Ultrapotent topical steroids in a tapering dose are the treatment with the best evidence of efficacy.6,8 Enemas used intravaginally are an effective, patient friendly and widely available formulation. Flares or resistant disease may require oral steroids. Other treatments include cyclosporins, griseofulvin, dapsone, retinoids, hydroxychloroquine, and minocycline. The irritant properties of retinoids mean they cannot be used on eroded epithelium.7 Topical tacrolimus was shown to be more effective than topical steroids in two case series,8,9 but symptoms return on stopping treatment and side effects are more frequent and severe. Long term safety (>1 year) is unknown.
Surgery may be needed to breakdown vaginal adhesions and restore sexual function.10 Potent topical steroids and vaginal dilators must be used postoperatively to help prevent restenosis. Dedicated nursing support improves compliance and efficacy.
The risk of lichen planus leading to malignancy is unknown. Of 61 cases of squamous cell vulval carcinoma, three were found to have coexisting lichen planus.1 It is thought that longstanding inflammation may facilitate a neoplastic cellular clone to develop in epithelium undergoing continuous renewal. Long-term follow-up is necessary to monitor disease activity with a low threshold for repeat biopsies.
This case highlights that a combination of treatments provided in a multidisciplinary setting can result in a successful outcome for this challenging condition with high patient morbidity.
Learning points
  • Lichen planus is an uncommon multisystem disease that can present to a variety of specialities.
  • Always ask patients with lichen planus if they have any genital symptoms.
  • Biopsy is needed to exclude malignancy or vaginal intraepithelial neoplasia.
  • Vaginal stenosis with loss of sexual function is a challenging aspect of care.
  • Surgery followed by use of intravaginal Colifoam enemas and vaginal dilators is an effective treatment regimen.
  • Treatment in a combined clinic often improves patient satisfaction and outcome.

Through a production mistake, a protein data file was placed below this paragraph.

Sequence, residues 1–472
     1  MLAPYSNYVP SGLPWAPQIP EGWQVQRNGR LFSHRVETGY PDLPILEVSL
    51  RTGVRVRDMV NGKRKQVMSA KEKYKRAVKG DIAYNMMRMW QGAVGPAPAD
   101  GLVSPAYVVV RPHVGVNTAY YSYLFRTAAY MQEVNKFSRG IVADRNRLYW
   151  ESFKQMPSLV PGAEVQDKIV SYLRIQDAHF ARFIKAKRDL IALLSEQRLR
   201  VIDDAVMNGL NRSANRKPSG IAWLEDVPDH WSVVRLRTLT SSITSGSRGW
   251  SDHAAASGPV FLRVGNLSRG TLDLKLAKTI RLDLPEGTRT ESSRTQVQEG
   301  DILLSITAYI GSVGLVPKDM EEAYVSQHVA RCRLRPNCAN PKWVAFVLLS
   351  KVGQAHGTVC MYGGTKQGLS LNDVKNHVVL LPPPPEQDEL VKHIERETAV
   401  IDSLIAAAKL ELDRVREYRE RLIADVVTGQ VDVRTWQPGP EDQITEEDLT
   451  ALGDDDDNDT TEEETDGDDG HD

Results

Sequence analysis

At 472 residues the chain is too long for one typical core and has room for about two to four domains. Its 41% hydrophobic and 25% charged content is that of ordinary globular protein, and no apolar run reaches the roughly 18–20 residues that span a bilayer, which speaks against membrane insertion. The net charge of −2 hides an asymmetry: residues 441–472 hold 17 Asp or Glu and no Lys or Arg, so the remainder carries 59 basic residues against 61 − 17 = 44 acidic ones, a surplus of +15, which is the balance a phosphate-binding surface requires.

Acknowledgments
D Braid RN, of the Gynaecology Skin Clinic at Wellington Hospital, Capital & Coast DHB, Adelaide Road, Newtown, Wellington South, New Zealand for her help and advice. Dr A Oakley, Clinical Director, Department of Dermatology, Waikato Hospital, Private Bag 3200, Hamilton, New Zealand, for kindly supplying the images in fig 1.
Footnotes
Competing interests: None.
Patient consent: Patient/guardian consent was obtained for publication.
1. Lotery HE, Galask RP. Erosive lichen planus of the vulva & vagina. Obstet Gynecol 2003; 101: 1121–5. [PubMed]
2. Lewis FM. Vulval lichen planus. Br J Dermatol 1998; 138: 569–75. [PubMed]
3. Shiohara T. The lichenoid tissue reaction. An immunological perspective. Am J Dermatopathol 1988; 10: 252. [PubMed]
4. Lewis FM, Shah M, Harrington CI. Vulval involvement in lichen planus: a study of 37 women. Br J Dermatol 1996; 135: 89–91. [PubMed]
5. Soper D, Patterson JW, Hurt WG, et al. Lichen planus of the vulva. Obstet Gynecol 1988; 72: 74–6. [PubMed]
6. Anderson M, Kutzner S, Kaufman TH. Treatment of vulvovaginal lichen planus with vaginal hydrocortisone suppositories. Obstet Gynecol 2002; 110: 359–62. [PubMed]
7. Edwards L. Vulval lichen planus. Arch Dermatol 1989; 125: 1677–80. [PubMed]
8. Byrd J, Davis MDP, Rogers RS. Recalcitrant symptomatic vulval lichen planus. Arch Dermatol 2004; 140: 715–9. [PubMed]
9. Jensen JT, Bird M, LeClair CM. Patient Satisfaction after the treatment of vulvovaginal erosive lichen planus with topical clobetasol and tacrolimus: a survey study. Am J Obstet Gynaecol 2004; 190: 1759–65. [PubMed]
10. Stalburg CM, Haefner HK. Vaginal stenosis in lichen planus. Surgical treatment tips for patients in whom conservative therapies have failed. J Pelvic Med Surg 2008; 14: 193–8.